Boeing's 'culture of concealment' to blame for 737 crashes
September 17, 2020 8:42 am
Two fatal crashes of Boeing 737 Max aircraft were partly due to the plane-maker’s unwillingness to share technical details, a congressional investigation has found.
It blames a “culture of concealment” at Boeing, but says the regulatory system was also “fundamentally flawed”.
Boeing said it had “learned many hard lessons” from the accidents.
But families of the victims accused the company and the regulator of continuing to hide information.
The US report is highly critical of both Boeing and the regulator, the Federal Aviation Administration (FAA).
“Boeing failed in its design and development of the Max, and the FAA failed in its oversight of Boeing and its certification of the aircraft,” the 18-month investigation concluded.
The Boeing 737 Max has been grounded since March 2019 after two crashes, in Indonesia and Ethiopia, caused the deaths of 346 people.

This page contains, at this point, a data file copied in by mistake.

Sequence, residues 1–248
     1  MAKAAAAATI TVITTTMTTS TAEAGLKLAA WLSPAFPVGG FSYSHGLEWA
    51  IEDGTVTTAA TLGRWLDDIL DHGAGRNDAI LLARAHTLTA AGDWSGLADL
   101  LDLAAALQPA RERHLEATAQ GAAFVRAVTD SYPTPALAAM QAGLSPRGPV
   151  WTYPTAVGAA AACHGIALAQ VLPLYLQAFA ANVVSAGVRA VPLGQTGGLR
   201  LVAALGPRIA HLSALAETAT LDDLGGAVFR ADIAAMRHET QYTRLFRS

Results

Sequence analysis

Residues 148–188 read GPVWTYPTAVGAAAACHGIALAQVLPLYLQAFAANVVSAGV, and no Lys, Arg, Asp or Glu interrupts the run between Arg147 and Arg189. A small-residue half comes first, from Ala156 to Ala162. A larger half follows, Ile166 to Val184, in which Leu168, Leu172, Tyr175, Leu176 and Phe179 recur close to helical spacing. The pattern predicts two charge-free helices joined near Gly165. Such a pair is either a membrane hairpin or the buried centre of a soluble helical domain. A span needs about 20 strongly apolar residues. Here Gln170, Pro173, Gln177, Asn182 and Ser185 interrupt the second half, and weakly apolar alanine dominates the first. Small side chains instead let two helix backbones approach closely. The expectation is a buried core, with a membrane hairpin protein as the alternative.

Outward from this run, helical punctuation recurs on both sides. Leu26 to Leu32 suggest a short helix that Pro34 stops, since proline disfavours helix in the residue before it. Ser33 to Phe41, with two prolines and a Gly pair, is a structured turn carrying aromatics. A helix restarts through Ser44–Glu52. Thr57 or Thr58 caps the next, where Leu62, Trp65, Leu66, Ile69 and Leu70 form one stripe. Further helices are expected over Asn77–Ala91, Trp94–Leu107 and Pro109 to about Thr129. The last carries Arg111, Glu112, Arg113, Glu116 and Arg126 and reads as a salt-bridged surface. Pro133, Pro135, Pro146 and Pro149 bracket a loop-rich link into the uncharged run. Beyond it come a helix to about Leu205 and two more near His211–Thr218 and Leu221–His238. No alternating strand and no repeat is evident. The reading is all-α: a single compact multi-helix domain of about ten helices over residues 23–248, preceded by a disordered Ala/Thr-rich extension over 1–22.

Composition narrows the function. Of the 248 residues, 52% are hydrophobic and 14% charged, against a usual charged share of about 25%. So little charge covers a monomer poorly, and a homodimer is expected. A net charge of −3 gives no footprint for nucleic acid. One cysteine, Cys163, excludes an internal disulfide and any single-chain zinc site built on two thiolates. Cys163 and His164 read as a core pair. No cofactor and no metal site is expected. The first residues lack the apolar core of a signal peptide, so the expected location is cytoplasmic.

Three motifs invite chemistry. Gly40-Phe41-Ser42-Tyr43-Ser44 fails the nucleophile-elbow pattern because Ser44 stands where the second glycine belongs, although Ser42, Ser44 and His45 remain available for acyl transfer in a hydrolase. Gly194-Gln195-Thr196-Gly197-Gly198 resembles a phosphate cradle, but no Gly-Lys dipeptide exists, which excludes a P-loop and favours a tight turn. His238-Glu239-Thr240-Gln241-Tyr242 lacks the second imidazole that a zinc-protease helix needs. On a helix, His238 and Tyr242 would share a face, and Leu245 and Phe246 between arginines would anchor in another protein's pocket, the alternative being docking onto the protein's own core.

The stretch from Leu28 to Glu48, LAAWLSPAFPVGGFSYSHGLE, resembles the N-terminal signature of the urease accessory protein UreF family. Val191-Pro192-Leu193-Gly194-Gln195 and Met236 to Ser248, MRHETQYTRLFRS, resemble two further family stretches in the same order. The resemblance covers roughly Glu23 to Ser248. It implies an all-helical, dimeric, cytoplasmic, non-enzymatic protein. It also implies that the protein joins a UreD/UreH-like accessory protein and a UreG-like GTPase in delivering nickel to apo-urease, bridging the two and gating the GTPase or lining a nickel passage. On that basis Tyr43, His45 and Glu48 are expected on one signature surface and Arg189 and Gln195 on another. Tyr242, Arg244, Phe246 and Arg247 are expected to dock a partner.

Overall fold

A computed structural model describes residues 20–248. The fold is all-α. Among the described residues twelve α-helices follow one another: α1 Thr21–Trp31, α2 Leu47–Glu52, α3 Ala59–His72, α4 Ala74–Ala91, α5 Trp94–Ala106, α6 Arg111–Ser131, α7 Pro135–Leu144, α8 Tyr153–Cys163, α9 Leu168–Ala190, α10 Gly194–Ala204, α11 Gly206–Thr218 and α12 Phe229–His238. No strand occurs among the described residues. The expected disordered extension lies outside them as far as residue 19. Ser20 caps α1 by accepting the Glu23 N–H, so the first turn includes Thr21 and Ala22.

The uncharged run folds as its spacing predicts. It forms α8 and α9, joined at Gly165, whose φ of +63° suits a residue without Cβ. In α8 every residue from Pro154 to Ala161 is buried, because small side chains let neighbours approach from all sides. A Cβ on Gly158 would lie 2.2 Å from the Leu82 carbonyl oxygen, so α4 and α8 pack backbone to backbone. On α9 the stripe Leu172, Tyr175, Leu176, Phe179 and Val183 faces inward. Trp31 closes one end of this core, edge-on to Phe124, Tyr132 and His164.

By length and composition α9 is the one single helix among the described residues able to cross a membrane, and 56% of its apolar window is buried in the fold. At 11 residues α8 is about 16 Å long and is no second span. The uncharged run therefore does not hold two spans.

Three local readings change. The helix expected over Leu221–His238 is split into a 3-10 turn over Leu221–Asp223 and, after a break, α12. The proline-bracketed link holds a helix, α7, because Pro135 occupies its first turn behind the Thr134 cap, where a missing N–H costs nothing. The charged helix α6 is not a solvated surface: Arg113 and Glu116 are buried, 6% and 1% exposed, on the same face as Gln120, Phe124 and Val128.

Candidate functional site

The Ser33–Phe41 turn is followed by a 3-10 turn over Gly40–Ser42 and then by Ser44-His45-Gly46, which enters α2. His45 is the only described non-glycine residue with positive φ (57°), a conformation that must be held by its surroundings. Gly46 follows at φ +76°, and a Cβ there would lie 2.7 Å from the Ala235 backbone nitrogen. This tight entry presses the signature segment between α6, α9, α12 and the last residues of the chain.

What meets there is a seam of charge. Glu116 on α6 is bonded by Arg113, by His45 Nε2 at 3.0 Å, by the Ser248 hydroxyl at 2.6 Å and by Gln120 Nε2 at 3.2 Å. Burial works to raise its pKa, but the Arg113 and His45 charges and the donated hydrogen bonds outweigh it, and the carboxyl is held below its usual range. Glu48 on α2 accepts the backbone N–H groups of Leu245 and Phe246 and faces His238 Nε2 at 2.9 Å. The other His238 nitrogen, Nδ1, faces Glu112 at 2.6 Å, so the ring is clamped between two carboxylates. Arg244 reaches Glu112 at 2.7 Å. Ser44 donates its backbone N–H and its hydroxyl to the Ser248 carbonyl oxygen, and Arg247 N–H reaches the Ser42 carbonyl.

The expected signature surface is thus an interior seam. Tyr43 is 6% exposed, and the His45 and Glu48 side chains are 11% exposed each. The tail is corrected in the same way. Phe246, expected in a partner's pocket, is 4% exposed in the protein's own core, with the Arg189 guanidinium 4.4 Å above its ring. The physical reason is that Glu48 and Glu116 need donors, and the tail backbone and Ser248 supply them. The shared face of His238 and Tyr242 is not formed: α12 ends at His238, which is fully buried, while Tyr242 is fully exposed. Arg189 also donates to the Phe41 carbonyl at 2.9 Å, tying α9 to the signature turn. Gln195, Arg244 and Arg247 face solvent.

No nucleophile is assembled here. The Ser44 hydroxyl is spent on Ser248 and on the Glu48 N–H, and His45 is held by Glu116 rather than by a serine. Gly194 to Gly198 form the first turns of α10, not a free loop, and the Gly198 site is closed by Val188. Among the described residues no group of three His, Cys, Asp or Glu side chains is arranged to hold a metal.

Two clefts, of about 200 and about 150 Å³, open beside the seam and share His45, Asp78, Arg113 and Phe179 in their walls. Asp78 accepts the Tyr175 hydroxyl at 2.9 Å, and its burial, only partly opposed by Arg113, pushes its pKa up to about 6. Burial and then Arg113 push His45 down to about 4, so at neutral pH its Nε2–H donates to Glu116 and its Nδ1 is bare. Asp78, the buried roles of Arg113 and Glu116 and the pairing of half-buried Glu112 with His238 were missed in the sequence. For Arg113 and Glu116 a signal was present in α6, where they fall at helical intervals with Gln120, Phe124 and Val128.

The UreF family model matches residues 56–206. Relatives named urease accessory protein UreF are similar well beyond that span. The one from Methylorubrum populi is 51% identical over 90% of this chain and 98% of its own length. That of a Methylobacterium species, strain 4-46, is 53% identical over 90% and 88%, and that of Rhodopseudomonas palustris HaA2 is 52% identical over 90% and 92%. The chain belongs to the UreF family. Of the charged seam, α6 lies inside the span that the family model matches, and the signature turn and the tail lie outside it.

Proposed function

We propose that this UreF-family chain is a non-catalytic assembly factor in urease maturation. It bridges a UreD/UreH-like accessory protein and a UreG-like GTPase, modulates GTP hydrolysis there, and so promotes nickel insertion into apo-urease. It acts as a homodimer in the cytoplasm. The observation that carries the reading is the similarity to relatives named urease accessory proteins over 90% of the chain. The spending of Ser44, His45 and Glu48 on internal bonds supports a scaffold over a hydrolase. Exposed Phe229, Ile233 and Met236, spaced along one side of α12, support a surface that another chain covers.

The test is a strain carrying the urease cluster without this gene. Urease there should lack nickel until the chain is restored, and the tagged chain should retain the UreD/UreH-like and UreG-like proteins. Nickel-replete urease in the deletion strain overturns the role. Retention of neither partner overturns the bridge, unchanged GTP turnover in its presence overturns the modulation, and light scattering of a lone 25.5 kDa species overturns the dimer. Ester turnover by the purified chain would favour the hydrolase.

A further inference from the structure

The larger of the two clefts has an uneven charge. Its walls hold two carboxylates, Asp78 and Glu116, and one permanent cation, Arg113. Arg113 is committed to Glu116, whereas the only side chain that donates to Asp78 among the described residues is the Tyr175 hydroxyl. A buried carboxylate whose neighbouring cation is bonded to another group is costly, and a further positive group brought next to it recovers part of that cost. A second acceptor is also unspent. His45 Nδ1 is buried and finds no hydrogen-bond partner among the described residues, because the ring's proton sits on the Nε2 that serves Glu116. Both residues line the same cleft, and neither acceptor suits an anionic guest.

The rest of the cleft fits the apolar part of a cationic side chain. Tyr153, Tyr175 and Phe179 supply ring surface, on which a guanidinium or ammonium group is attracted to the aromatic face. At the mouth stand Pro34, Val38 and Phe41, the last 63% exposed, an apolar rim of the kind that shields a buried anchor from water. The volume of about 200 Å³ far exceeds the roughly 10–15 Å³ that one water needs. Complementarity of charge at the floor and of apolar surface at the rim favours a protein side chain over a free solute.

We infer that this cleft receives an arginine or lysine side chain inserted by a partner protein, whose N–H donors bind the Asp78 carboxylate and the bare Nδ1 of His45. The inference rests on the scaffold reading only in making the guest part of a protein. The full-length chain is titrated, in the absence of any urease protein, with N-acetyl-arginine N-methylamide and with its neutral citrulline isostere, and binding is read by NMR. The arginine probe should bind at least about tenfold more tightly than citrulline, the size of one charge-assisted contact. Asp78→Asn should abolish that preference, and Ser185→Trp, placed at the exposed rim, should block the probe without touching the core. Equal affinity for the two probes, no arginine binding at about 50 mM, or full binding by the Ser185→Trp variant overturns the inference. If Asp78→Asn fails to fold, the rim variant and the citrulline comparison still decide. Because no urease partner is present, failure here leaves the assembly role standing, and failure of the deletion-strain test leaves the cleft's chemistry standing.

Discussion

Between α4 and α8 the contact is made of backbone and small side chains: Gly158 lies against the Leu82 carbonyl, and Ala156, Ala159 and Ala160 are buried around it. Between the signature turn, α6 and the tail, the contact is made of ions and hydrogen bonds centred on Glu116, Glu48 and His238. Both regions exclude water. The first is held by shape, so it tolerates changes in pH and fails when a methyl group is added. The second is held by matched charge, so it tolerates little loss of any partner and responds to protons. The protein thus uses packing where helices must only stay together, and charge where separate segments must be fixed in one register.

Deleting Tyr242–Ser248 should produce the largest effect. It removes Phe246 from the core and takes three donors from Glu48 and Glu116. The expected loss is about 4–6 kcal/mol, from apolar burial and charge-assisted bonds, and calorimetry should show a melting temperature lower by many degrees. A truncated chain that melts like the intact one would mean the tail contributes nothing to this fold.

The nearly 250-page report found a series of failures in the plane’s design, combined with “regulatory capture”, an overly close relationship between Boeing and the federal regulator, which compromised the process of gaining safety certification.
“[The crashes] were the horrific culmination of a series of faulty technical assumptions by Boeing’s engineers, a lack of transparency on the part of Boeing’s management, and grossly insufficient oversight by the FAA.”
But the US aviation regulator, the FAA, comes off almost as badly. US representatives find it guilty of “inherent conflicts of interest” and “grossly insufficient oversight”.
More seriously, they say the regulator was, in effect, in Boeing’s pocket and that the FAA’s management “overruled” its own technical and safety experts “at the behest of Boeing”.
Boeing admits “mistakes were made” and it now wants to focus on getting the 737-Max back in the air, saying the “revised design” of the aircraft has been “thoroughly scrutinised”.
Regulators in Europe and the US are relatively close to recertifying the 737-Max. But this is one of the biggest safety scandals facing a private company in modern times.
And other investigations are outstanding, including a giant lawsuit from the relatives of those killed in the second crash in Ethiopia.